Let’s begin with the ending. That’s the best part of The Marvels, Nia DaCosta’s action-packed addition to a decent if not spectacular year for the films of the MCU.
The ending we’re talking about is not only the film’s climactic showdown and good-humored epilogue but, since this is a Marvel movie, also the buzzworthy mid-credits sequence. All three components offer satisfactory closure to the story at hand, while heralding intriguing future adventures for the film’s titular trio of superheroes.
The credits scene, in particular, foreshadows the first truly exciting MCU plot development since Marvel cracked open its now 33-film fictional universe into a kaleidoscopic multiverse of rarified worlds and reimagined characters. The well-played reveal ends the film on an adrenaline high that goes far towards compensating for its choppy first act, spent introducing and re-introducing its vast, disparate cast of characters.
Ostensibly, the film — scripted by DaCosta, Melissa McDonnell (WandaVision), and Elissa Karasik (Loki) — serves as a sequel to the 2019 hit Captain Marvel, which starred Brie Larson as amnesiac heroine Carol Danvers, a.k.a. Kree warrior Vers.
Carol/Vers would have to blast baddies from one side of the galaxy to the other in order to discover her true identity, as a former Air Force pilot who’d gained superhuman strength and energy-projecting powers from a freak explosion that somehow didn’t kill her.
Later kidnapped, trained, and basically brainwashed by the Kree on planet Hala, Carol broke free of her captors in an earthbound battle, then set off to go show Hala a thing or two. Now, Hala is back for revenge, in the form of demented, determined Kree leader Dar-Benn, played by Zawe Ashton as a crusader with the glassy-eyed mien of a psychopath.
Strange that she’s not that intimidating a foe, though, wielding some sort of power staff that’s no match for Captain Marvel, and lacking any standout moment of villainy to truly inspire fear in the hearts of our heroes (or the audience).
But The Marvels aims more to inspire delight and a sense of empowerment, conveyed by Carol, officially the Avenger known as Captain Marvel, bonding with fellow female superheroes Monica Rambeau (Teyonah Parris) and Ms. Marvel (Iman Vellani).
Monica, introduced in Captain Marvel as the ’90s tween daughter of Carol’s bestie Maria, gained her energy manipulation powers during her appearance on the MCU’s Disney+ series WandaVision.
Meanwhile, Ms. Marvel — Jersey City high schooler Kamala Khan — gained her cosmic energy powers during the events of her eponymous Disney+ show. She also wound up in possession of something called a “quantum band,” a crazy cosmic MacGuffin that Dar-Benn and the Kree are desperate to control.
The design and appeal of Marvel’s interconnected web of film and TV storylines is sorely tested here by the filmmakers’ clunky early effort at bringing together the Marvel women, their supporting characters, and blending the different tones and visual styles of their source material.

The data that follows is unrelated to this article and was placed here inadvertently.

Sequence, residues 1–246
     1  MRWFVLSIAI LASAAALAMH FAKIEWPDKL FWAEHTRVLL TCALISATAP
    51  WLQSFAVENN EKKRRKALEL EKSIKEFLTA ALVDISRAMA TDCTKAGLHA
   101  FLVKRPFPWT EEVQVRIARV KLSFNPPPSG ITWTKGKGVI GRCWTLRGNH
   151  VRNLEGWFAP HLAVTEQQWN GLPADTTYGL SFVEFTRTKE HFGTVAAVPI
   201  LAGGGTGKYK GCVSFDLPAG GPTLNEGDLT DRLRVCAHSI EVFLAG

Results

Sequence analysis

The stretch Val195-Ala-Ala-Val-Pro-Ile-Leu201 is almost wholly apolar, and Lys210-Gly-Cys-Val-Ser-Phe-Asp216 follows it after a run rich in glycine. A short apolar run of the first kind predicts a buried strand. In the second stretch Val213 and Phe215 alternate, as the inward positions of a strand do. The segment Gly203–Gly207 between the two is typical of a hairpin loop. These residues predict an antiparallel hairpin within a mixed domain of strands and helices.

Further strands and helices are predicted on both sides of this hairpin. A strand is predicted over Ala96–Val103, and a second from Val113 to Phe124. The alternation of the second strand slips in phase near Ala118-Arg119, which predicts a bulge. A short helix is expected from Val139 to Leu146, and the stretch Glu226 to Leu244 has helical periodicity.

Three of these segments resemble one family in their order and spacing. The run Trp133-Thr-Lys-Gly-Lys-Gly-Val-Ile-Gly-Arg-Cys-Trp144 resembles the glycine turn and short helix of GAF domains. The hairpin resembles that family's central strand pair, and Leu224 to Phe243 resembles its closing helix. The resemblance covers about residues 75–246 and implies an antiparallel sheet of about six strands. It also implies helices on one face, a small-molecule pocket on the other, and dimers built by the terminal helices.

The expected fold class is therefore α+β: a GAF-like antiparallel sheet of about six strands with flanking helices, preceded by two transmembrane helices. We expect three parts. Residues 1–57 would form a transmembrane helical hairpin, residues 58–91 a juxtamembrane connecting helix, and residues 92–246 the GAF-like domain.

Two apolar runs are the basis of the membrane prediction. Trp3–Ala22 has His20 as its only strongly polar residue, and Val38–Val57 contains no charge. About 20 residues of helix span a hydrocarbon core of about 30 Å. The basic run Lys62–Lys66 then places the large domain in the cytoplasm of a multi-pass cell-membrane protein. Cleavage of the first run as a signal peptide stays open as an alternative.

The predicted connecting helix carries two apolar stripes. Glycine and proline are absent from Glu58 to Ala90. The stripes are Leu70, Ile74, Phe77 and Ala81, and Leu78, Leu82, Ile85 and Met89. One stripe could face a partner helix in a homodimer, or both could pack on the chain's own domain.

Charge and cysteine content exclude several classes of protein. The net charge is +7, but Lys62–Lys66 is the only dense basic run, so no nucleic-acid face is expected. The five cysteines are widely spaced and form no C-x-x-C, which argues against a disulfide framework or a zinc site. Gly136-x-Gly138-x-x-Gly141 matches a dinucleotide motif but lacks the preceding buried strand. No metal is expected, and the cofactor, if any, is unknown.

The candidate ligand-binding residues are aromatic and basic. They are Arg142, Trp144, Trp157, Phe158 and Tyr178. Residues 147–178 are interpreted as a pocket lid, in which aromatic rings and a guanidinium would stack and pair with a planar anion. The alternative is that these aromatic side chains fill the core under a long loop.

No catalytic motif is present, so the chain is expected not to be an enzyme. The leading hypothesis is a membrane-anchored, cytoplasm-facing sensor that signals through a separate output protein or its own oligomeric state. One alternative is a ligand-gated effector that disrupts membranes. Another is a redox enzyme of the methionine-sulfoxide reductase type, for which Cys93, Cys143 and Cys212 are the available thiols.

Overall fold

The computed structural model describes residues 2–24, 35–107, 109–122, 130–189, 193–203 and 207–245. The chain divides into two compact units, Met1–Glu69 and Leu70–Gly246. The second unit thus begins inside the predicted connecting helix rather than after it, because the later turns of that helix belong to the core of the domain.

Vellani, a bright, winning presence on the Ms. Marvel series, smoothly makes the leap to the big screen, joined by Zenobia Shroff and Mohan Kapur, reliable comic relief as her excitable and very protective parents. Parris, meanwhile, ably carries her storyline as the heroine here who’s least certain of her abilities.
Samuel L. Jackson, returning as MCU anchor Nick Fury, turns the dial on his fearless former S.H.I.E.L.D. agent to fun, finding the right light tone to match the movie’s spirit of planet-hopping fantasy and adventure. He gets to bond some more with Goose, the creature who resembles a cuddly tabby but is, in fact, a Flerken — a disgustingly tentacled-mouthed alien apt to devour anything.
It takes several hyper-edited set-pieces before the film finds its footing as a tenacious team-up of Captain Marvel, Ms. Marvel, Monica Rambeau, and their host of sidekicks.
The rub is that, due to a broken dimensional jump-point, or some hole in the space-time continuum, the three heroes’ light-energy powers become entangled, and anytime one uses their powers, they instantly teleport, trading places with one of the others.
So, for a while, the Marvels can’t figure out how to be in the same room together, let alone work together. The cast works together like a charm, though, as does much of the humor, like a frenzied scene, set to “Memory” from Cats, of frightened people fleeing a herd of Flerkens, while a P.A. announcement repeats, “Stop running and let the Flerkens eat you!”
The film’s random Bollywood sequence, set on the distant planet Aladna with dreamy Prince Yan (Park Seo-joon), doesn’t charm so much as confound any notion of what it’s doing here other than to pander to certain audiences.
Marvel also does its usual fan service with a handful of cameos, but, in the end, The Marvels earns audience approval with energetic lead performances, entertaining action, and a heartfelt portrayal of sisterly superhero bonding.
The Marvels (★★★☆☆) is playing in theaters nationwide. Visit www.fandango.com.
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